Open tender to digitalise Australia’s visa application system

22 May 2018 5 min. read

The Australian Government is planning to outsource the visa application system and replace it with a Global Digital Platform. The call for partners opened in September last year and as of yet, there has been no announcement as to who has applied for the contract. However a recent press release has outlined the Department of Home Affairs’ intention to push ahead with the process after a wave of public criticism surrounding the plan.

Under the Federal Government’s plan, Australia’s outdated and manual visa system would receive an overhaul, seeing automation across a number of functions. The Global Digital Platform would streamline the visa application process which currently sees a quarter of visa applications submitted on paper.

Currently the Department of Home Affairs receives roughly 9 million visa applications per year and by 2030 that number is expected to rise to above 13 million. The outsourcing of the services will help the government in their ability to cope with the rising number of visa applications and will help them make informed visa decisions.

The tender document states that: “The Department expects the GDP to be capable of delivering all visa classes … Bundle 1 includes a digital business solution that is enabled by the GDP and supporting systems that drive the end-to-end processing and workflow of the visa and citizenship business, including lodgement, assessment and rule-based decision making on visa applications.”

Digital passport scanning at Australian Border or Australian Border Force at airport

The government also hopes that the new system will simplify Australia’s visa framework and also improve the experience of the applicant as well as improve assessment quality and consistency. The system overhaul is one part of the a greater plan by the Australian Government to shake up in what it calls the ‘Seamless Traveller Program’. The program will ideally see up to 90% of international travellers processed through automated solutions by 2020.

The projects $93.7 million budget has attracted some big names in the IT sphere with Vision-Box, Datacom, IBM, Telstra, Hewlett-Packard Australia (HPE) and Fujitsu all attended the briefing about the tender in July last year.

In the tender document it stated that “the Department is seeking innovative solutions to help design, implement and operate a new visa business based upon a sustainable and innovative service delivery model that transforms the way in which Australia interacts with visa applicants and visa holders.”

The Seamless Traveller Program also seeks to replace arrival smart-gates, the incoming passenger card and exit marshalling with AI processing systems which include biometric scanning technologies. The trio of new tech solutions will be integrated into the existing Pega framework deployed in August last year.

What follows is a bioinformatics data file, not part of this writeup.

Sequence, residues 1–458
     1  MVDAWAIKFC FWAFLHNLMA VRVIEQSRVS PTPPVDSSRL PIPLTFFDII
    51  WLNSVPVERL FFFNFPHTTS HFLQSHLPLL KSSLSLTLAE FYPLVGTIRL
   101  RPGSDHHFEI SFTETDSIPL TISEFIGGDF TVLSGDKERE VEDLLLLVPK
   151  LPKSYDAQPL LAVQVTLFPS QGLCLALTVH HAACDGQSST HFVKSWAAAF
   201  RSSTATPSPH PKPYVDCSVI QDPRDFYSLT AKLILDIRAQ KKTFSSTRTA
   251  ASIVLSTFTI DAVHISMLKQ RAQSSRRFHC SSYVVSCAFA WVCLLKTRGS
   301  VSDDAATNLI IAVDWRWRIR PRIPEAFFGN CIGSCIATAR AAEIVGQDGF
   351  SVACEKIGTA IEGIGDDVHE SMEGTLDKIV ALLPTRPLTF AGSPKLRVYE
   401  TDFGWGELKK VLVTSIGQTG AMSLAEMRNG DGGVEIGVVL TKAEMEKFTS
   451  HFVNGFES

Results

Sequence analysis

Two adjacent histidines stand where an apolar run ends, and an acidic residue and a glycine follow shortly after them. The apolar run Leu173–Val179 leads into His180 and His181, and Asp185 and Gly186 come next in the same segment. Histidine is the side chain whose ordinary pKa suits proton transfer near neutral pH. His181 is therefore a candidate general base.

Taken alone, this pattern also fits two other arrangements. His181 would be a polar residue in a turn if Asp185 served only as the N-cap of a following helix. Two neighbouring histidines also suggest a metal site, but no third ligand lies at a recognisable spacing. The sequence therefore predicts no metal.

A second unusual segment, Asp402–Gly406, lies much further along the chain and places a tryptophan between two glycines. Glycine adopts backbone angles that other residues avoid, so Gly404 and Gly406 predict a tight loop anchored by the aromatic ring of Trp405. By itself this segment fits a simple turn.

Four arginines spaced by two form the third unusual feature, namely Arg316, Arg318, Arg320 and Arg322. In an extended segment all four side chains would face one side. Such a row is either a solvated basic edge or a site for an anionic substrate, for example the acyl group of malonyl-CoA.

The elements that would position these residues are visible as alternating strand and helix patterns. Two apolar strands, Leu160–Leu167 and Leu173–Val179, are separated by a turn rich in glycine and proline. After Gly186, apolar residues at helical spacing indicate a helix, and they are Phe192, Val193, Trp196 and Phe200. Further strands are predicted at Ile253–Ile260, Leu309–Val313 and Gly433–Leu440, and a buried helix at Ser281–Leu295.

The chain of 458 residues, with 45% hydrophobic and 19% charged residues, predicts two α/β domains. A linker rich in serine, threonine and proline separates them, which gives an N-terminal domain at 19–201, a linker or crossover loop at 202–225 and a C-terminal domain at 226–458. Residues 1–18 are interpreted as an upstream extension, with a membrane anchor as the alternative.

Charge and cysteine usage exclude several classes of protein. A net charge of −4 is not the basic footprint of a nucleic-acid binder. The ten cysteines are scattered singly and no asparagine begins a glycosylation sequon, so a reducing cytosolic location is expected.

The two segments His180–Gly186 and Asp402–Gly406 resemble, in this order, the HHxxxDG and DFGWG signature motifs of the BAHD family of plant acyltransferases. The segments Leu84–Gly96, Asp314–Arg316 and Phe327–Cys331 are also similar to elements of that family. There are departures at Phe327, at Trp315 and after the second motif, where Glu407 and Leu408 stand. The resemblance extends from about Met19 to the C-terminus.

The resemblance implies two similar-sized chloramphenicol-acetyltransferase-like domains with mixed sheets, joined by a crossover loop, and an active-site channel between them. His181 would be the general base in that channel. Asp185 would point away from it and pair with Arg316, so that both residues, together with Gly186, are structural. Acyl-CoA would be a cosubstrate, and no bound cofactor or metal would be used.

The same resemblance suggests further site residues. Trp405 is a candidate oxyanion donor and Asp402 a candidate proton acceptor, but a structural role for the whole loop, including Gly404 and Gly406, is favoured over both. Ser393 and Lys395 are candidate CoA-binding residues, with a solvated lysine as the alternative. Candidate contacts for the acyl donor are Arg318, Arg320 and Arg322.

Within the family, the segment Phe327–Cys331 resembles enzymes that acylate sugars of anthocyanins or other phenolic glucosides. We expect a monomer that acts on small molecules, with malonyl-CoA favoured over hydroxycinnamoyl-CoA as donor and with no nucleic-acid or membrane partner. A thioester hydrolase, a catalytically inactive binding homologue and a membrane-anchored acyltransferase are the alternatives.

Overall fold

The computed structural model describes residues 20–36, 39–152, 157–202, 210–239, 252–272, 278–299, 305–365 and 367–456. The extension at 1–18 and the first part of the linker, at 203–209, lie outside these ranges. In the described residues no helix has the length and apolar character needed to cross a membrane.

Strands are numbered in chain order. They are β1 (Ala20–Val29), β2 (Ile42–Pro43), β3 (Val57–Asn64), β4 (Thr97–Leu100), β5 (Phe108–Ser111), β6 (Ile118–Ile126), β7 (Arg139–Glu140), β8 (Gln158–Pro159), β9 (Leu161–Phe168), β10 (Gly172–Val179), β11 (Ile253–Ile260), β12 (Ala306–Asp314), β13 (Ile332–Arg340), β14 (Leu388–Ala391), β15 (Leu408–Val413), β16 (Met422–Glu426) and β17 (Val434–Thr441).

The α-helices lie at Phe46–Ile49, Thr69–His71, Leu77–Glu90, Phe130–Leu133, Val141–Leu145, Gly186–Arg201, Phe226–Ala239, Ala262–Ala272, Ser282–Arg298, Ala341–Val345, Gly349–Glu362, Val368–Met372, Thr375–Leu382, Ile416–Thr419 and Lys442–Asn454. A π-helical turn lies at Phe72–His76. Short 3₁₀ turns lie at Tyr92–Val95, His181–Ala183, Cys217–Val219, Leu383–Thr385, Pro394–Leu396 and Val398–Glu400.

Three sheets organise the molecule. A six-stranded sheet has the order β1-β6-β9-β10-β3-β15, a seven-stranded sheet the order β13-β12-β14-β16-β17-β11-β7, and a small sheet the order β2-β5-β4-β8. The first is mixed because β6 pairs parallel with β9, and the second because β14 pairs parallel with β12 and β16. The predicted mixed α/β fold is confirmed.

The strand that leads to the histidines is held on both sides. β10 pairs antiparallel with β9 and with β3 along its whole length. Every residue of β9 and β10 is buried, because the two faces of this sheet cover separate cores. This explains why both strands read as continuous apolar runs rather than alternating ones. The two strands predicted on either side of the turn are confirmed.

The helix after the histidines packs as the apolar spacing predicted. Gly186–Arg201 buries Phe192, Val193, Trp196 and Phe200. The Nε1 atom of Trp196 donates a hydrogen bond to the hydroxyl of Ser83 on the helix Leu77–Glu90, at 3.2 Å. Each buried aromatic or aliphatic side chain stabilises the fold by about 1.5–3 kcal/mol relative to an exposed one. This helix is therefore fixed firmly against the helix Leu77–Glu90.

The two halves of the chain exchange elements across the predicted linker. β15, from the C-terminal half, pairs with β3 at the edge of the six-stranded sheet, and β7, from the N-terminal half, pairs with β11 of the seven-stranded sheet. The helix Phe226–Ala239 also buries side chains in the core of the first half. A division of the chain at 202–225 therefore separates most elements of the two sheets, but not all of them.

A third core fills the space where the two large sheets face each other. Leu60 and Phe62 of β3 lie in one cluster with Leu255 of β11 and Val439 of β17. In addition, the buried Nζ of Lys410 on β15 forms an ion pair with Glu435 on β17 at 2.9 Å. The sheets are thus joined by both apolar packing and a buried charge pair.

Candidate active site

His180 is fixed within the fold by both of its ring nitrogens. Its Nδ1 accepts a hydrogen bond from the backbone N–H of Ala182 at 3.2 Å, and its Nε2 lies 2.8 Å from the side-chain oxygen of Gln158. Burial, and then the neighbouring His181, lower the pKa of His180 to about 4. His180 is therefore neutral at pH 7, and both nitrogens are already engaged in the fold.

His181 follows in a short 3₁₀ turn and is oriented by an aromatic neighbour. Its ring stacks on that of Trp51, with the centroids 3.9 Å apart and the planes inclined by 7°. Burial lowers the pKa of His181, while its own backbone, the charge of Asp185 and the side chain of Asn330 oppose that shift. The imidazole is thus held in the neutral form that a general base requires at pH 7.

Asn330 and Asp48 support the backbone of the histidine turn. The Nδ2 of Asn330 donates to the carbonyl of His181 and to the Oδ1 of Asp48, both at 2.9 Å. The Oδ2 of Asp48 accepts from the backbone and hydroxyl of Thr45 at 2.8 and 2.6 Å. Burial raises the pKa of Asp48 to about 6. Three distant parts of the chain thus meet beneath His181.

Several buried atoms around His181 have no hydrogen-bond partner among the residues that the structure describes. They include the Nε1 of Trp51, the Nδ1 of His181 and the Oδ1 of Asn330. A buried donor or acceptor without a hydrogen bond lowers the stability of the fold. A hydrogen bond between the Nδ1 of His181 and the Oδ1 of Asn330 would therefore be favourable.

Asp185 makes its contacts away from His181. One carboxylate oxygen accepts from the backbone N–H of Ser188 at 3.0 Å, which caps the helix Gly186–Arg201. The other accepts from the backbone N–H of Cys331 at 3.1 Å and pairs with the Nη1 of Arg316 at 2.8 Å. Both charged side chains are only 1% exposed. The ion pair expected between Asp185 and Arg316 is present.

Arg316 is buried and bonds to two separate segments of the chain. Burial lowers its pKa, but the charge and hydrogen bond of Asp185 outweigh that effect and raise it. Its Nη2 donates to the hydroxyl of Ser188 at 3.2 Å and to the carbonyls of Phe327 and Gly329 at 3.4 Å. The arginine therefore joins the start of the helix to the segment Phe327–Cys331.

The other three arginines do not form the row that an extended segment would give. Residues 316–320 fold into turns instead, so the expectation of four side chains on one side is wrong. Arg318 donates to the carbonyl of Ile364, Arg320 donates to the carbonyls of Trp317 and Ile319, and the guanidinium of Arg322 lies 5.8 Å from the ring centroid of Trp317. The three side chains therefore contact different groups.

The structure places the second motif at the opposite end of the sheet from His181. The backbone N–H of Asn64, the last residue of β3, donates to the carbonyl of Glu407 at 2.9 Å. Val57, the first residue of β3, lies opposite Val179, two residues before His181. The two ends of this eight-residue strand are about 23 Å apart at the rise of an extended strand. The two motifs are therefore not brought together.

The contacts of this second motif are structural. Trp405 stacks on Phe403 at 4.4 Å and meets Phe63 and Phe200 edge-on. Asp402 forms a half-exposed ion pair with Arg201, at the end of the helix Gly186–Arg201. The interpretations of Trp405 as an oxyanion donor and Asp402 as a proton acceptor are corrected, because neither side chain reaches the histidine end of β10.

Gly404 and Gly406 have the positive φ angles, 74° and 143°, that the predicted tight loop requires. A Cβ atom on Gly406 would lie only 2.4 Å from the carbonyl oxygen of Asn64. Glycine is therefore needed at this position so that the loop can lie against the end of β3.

Sensitive visa applications such as humanitarian visas and diplomatic visas would continue to be processed by government staff. However the plans to digitalise the system have come under mounting pressure by a consortium of opposition citing concerns about privatisation, staff cuts and privacy.

Opposition to the Global Digital Platform

Home Affairs minister Peter Dutton last week spoke at the National Press Club about the proposal, saying that the changes are driven by a need for modernisation, not a desire to privatise the process.

“The issue we have in this modern age is the volume … I don’t have the staff, and never will, to provide the scrutiny that’s required that we can now deliver through technology.”

This rhetoric has countered previous comments about the financial benefits of the the new visa business from the First Assistant Secretary of the Immigration Department, Andrew Kefford.

“We are genuinely seeking a partnership to design, implement and run Australia’s visa business,” First Assistant Secretary of the Immigration Department, Andrew Kefford said in the briefing. “We are keen to explore commercial value-added services that will assist in attracting people to Australia.”

The mixed signals have confused the general public and led to a number of attacks on the plan, notably from both Labor, the Community and Public Sector Union and the Greens.

Labor’s Shayne Neumann said “the expertise and experience of our frontline workers” would be wasted with an automated system and that because of its “conservative, cost-cutting ideology that the Turnbull government is incapable of treating Australia’s public servants with the respect they deserve.”

“Our estimates that up to 3,000 jobs are potentially under threat,” said Nadine Flood from the Community and Public Sector Union. “But the department has been unwilling to answer the question about what they consider the threat to jobs. We base that estimate on the very large scope of potential privatisation identified by the government.”

Whilst the Department of Home Affairs believes the overhaul is in the interest of our national security, saying that the reforms will free up time for more important processes, the Greens believe that the move is in contradiction to national security.

"This is privatising access to Australia, and we know from similar moves in the United Kingdom that it leads to increased costs and a decrease in transparency and accountability," said Greens Senator Nick McKim. "It will be computers and algorithms that decide the outcome of visas, rather than humans, and this is a very human area.”